1. Curbside pick-up or delivery:  Although most libraries are closed to the general public, they are offering curbside pick-up and other methods of getting you the books you want. Call, email, or go to your local library's website to find out what services they are offering. If you can't get to the building to pick-up books, simply ask them if they'll mail books to you. In all likelihood, they will. Many libraries are also forgiving past fines because they want to make sure everyone is able to access books throughout the pandemic.
  2. Digital Collections, such as Libby, Overdrive, or RBDigital  The North Dakota State Library and most local libraries provide access to e-books and audio books through an online library such as Libby, Overdrive, or RBDigital. Because libraries can pool their money to buy e-books, the collections are often bigger and more current than a library's print collection. Another plus is that you can borrow books at any time, day or night, no matter where you are or what time it is, from your computer or personal device. 
  3. Talking Books & BARD  North Dakota's Talking Book library is a favorite of many of NDVS/SB's clients. They are still sending out digital players and books on cartridges for people who prefer that, or you can download your own books from the BARD (Braille and Audio Reading Download) website. To sign up for BARD, you just need to contact the staff at the ND Talking Book Department (tbooks@nd.gov; 701-328-1408) so they can register you. You can also call them (or me, or any of NDVS/SB's Adult Outreach Coordinators) to find out how to register for Talking Books.
  4. Audible & other audiobook sources  For a monthly fee, you can access thousands of audiobooks on Audible. Because it's an Amazon company, there are some additional benefits for Amazon Prime members. If you are someone who does not like to wait for the library's most popular titles or for the library to add the newest titles, Audible or other subscription-based services (Scribd, Kindle Unlimited, etc.) may be your best bet.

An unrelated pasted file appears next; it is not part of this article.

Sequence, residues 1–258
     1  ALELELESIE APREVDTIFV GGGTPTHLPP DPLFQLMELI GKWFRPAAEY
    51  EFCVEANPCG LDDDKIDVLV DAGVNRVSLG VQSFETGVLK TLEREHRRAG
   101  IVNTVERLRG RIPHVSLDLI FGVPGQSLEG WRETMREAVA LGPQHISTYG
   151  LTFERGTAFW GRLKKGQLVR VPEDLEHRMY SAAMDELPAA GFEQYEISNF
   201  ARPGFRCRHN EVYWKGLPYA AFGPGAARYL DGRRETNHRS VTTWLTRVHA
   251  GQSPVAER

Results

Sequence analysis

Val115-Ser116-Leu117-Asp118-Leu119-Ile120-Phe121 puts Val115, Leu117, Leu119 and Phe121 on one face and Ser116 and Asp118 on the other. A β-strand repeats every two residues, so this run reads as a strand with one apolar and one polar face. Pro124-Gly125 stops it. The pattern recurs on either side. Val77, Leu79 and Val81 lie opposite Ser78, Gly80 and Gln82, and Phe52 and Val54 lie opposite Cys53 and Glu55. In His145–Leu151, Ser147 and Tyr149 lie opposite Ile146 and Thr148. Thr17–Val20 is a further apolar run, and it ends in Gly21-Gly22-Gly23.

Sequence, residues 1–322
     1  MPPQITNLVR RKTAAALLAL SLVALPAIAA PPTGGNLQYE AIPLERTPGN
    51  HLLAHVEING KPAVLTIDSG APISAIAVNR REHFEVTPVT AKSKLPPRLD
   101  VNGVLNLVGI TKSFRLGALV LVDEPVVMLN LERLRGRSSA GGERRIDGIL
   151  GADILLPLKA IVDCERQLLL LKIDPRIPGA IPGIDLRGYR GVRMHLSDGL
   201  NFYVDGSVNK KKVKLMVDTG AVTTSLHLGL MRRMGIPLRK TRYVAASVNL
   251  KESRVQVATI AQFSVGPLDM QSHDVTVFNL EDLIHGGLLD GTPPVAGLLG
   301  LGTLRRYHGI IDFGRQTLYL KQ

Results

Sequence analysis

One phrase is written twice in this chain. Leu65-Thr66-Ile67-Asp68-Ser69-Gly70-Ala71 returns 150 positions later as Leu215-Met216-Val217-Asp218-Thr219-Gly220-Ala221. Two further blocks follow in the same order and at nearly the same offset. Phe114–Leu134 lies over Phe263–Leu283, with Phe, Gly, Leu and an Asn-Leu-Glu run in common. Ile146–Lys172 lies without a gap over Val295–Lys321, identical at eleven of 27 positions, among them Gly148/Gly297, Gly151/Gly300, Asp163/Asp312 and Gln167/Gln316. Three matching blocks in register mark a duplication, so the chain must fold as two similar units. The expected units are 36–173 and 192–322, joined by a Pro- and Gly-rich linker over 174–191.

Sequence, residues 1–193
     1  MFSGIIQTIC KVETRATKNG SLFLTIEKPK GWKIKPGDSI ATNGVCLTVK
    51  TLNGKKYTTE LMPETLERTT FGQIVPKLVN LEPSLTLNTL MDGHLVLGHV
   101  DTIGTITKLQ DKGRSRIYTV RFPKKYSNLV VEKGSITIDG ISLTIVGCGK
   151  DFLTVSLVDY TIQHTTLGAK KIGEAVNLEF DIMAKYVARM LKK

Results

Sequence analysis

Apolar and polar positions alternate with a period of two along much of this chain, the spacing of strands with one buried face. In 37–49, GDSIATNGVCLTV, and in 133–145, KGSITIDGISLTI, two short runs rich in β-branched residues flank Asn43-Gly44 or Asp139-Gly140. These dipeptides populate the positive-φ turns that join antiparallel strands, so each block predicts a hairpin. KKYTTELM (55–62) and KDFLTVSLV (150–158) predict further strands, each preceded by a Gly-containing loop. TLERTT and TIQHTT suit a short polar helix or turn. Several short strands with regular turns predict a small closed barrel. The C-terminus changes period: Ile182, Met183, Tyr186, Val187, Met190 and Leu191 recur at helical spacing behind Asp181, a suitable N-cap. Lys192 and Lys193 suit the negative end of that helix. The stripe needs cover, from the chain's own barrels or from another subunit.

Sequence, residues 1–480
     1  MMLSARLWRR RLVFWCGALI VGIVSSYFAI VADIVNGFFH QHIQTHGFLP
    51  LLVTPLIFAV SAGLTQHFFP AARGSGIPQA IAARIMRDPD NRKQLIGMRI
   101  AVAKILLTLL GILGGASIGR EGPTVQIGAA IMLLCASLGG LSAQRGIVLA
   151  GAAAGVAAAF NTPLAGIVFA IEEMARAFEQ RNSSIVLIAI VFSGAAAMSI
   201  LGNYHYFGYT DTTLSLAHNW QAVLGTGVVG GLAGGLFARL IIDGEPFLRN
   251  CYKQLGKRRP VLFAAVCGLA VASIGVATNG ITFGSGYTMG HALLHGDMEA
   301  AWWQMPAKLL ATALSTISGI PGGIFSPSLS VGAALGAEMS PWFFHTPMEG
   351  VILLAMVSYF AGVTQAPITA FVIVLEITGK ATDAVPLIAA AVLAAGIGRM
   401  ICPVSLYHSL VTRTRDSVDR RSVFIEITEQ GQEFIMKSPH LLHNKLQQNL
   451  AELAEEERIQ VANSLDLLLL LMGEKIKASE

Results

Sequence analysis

5. Bookshare.org  Anyone with a reading barrier (visual impairments, physical disabilities, dyslexia, learning disabilities, etc.) can sign up for Bookshare's library. It is free for students, and the $50 yearly fee for adults is worth the price for anyone who wants easy access to books that can be read visually, listened to, or accessed via a braille device. I also like that you can request books be added to their collection, and they will notify you when that book is available. 
  6. Project Gutenberg  There are over 60,000 free e-books available from Project Gutenberg, but keep in mind they are all books for which the U.S. copyright has expired. But if you enjoy reading classics, check out this site. 

Finally, utilize the Vision Resource Center! The library at NDVS/SB is small but mighty. You can search our collection by going to North Dakota Vision Resource Center (odinlibrary.org) If you find something you'd like to check out, contact me at estenber@nd.gov or 701-795-2709. I'd be happy to mail them to you.

There are many other ways to access books and other reading materials in today's digital world. But I hope that this list inspires you to try at least one new way of reading. You may even find a new favorite book or author due to COVID-19!
I'd also like to invite you to join NDAB's new Book Club, which will kick off in January. I am excited to be a part of it and hope that you will join us. Contact me (estenber@nd.gov; 701-795-2709) or Trampes Brown(trampes@independencecil.org) for more information.